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In our last post, we stressed the idea of undertaking robust risk-reward diligence before entering a new country. This time we will dig deeper into what that diligence investigation should be aimed – irrespective of whether you play in petroleum upstream, midstream or service sectors.


The starting point is an assessment of the financial risk. Always start with the money before looking at the rocks or the steel. Many make this mistake; probably because they are naturally most comfortable first working what they know best (like the rocks or the steel). If you cannot see a rateable, liquid return on the horizon, there is no point in investigating the opportunity much further. Key financial risk factors include:


  • Credit risk: Credit risk should be assessed over the life of the project. EDC payables insurance, where available, is an easier mitigant than demanding payment guarantees from a State or a National Oil Company.


  • Taxation and investment treaty protection: The local tax burden may be offset by the benefits of any applicable Double Taxation Treaties, but the recent changes in OECD country tax administration is narrowing the benefit of forum shopping. In addition, many tax haven countries do not often have bilateral investment treaties with other petroleum producing countries.


  • Sanctions and export/import controls: It is important to consider whether the target markets/ players are directly or indirectly subject to Canadian and US sanctions or export/import restrictions.


  • Forex risk, currency controls, thin capitalization rules and repatriation limits: Any of these risks can evaporate returns and net-present-value (NPV) assumptions.


  • Inflation risk: Inflation risk surfaces particularly where tariff rates are fixed and do not reflect an increased cost base in-country. For example, Argentina has recently boasted inflation rates of 35-50%.


  • Marketing Risks: Governments may lean towards populist policies that subsidize fuel costs to curry favour with voters. This can translate in turn into regulated fuel prices, domestic marketing obligations and restricted export rights for upstreamers. Similar marketing risks can arise from limited transportation capacity (any worse than Canada though?).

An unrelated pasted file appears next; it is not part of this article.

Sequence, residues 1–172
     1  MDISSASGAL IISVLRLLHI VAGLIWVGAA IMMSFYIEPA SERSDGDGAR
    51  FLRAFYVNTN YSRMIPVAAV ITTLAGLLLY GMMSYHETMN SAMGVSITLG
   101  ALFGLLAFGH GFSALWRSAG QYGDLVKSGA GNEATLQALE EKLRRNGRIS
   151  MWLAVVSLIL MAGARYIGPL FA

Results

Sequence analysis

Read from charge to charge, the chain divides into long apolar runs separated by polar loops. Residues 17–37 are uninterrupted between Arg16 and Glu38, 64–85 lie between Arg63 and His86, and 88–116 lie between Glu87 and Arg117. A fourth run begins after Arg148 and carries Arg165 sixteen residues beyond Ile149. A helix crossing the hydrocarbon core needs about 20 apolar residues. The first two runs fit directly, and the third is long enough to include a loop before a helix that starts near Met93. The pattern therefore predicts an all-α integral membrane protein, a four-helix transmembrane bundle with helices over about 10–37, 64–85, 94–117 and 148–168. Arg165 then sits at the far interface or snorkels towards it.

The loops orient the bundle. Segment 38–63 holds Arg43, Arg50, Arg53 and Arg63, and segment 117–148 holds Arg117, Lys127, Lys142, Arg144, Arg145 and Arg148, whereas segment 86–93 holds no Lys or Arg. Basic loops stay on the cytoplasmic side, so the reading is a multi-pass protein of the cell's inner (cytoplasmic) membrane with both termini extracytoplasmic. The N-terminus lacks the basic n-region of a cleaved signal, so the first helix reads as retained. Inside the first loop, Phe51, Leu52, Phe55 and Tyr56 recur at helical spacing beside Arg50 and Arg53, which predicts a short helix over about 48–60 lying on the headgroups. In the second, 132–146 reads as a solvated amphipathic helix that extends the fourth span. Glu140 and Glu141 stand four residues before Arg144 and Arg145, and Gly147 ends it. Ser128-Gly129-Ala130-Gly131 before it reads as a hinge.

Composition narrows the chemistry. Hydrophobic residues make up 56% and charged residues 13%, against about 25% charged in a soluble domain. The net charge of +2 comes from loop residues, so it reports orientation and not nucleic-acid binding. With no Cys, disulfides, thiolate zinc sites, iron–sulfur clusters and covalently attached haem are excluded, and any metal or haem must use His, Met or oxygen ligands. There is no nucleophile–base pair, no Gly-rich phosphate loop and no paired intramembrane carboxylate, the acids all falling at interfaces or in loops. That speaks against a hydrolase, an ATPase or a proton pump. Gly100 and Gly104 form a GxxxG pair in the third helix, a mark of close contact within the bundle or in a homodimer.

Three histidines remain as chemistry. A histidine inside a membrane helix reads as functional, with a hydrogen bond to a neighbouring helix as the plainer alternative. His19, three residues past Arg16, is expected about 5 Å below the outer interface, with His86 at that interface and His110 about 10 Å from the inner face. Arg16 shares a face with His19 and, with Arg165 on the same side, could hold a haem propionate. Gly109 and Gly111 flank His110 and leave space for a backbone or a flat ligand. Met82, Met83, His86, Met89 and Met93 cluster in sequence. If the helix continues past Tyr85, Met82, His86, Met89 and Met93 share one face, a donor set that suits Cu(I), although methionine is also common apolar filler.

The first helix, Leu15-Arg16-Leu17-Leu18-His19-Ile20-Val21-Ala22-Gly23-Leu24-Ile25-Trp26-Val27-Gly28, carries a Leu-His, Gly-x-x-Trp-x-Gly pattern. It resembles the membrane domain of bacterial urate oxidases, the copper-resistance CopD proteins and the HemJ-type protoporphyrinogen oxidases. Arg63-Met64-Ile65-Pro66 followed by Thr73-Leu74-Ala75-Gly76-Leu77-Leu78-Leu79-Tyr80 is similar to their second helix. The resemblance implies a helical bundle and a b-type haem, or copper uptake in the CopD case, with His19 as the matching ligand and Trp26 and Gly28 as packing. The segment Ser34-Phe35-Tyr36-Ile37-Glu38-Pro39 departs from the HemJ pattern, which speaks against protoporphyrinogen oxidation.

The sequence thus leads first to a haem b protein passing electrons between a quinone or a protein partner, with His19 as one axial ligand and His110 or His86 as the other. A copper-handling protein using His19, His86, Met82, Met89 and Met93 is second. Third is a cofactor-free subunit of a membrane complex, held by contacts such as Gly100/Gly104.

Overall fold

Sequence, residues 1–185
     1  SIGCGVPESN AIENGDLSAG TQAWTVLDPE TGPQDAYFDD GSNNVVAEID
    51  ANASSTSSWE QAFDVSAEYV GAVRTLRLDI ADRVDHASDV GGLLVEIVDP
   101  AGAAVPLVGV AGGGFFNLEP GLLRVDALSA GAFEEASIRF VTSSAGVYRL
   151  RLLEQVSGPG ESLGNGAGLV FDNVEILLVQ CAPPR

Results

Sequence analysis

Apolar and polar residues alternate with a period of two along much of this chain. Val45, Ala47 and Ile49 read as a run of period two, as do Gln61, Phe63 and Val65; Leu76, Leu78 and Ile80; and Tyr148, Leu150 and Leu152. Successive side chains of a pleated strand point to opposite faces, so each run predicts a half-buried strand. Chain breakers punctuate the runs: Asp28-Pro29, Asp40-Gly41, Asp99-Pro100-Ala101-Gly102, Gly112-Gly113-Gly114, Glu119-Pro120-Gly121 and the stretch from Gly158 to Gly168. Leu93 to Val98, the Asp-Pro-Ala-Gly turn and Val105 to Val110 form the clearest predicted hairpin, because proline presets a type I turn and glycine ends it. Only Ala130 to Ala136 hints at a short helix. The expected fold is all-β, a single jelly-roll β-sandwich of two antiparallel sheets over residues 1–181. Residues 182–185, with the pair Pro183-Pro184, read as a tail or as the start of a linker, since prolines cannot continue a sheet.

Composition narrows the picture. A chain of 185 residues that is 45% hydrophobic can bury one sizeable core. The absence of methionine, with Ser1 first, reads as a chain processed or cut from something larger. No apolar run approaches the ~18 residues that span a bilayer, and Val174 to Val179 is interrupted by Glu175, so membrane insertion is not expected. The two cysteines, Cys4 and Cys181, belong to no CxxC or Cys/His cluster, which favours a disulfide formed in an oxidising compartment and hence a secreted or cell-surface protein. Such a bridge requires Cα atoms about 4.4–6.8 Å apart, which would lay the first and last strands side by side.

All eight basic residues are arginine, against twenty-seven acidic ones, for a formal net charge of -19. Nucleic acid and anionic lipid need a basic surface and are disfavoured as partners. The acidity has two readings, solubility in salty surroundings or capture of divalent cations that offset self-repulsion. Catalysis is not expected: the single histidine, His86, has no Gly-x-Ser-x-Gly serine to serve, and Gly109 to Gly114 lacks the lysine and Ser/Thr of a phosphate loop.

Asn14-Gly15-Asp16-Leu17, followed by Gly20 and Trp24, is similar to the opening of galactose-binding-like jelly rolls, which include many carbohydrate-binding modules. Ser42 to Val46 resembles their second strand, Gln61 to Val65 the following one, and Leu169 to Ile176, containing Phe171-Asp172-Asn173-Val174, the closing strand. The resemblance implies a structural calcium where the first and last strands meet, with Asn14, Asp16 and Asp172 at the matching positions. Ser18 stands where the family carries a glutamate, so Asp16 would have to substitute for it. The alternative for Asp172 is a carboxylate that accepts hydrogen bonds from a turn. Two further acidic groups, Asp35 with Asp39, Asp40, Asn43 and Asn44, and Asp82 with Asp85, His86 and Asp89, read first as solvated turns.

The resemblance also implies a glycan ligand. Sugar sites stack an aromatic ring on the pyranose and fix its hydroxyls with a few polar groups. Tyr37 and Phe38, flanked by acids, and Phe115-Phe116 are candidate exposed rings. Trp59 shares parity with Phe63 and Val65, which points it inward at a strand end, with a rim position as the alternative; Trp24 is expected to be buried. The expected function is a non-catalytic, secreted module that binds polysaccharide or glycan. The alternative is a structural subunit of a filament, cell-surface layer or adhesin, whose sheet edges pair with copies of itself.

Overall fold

Next, it is critical to examine endemic above-ground risks. A failure to identify, analyze and mitigate above-ground risks can spell disaster for a transaction. And those risks can be difficult to forecast. Here the usual suspects:


  • Political Risk: Political instability can emanate from political and social actors both inside and outside a host country. Governments, legislators, opposition parties, special interest groups and unions can all play a roll.


  • Macro-Economic Risk: The ugly sisters of political risk, macro-economic risks include inflation, forex fluctuations, bank liquidity, and changes to applicable law. Many of these risks are correlated to each other. One of these problems can be quickly compounded by the others.


  • Corruption: Corruption challenges international venturers in unanticipated ways with varying severity of consequence. Aside from prosecution concerns, corruption almost always erodes asset value in the long run – which is practical reason why compliance is so critical.


  • Operational Security Risk: Operational security risks pose: (a) cost issues (e.g. security private contractors or the State), and (b) liability and reputational risk when security enforcement exceeds merely defensive needs. The latter is not only morally repugnant, but can destroy entire companies while tainting the personal reputations of officers and directors alike.


  • Expropriation: In countries with no applicable bilateral investment treaty, protection against expropriation is purely commercial. Even where investment treaties apply, it is smart to guard against ‘creeping’ expropriation (the State’s accretive elimination of previously granted benefits).


  • Labour and Union Relations: Labour and union issues can impact cost and productivity issues ranging from inefficiency to strikes and blockades. In countries where unions and labour relations policies tend to influence the investment, a client should realistically identify the value burden of additional costs and operational delays from a mixed local and foreign workforce and incorporate this burden into its economic forecasts and assumptions.


  • Community Relations: There is a nexus between a project, community relations, surface access rights and local employment/labour relations. The project resistance or delay can be an NPV- killer. These risks are best mitigated with a clear engagement plan created by local experts and government relations personnel.When looking at the whole, risk factors should not be considered in isolation – risks and mitigants often overlap and are cross-correlated. In every deal or project, the degree to which each factor will impact the risk/reward analysis will change, and potentially evolve as the transaction matures. A strong transactional risk/reward profile will also integrate a client’s own tolerance for risk, factual peculiarities and specific instructions.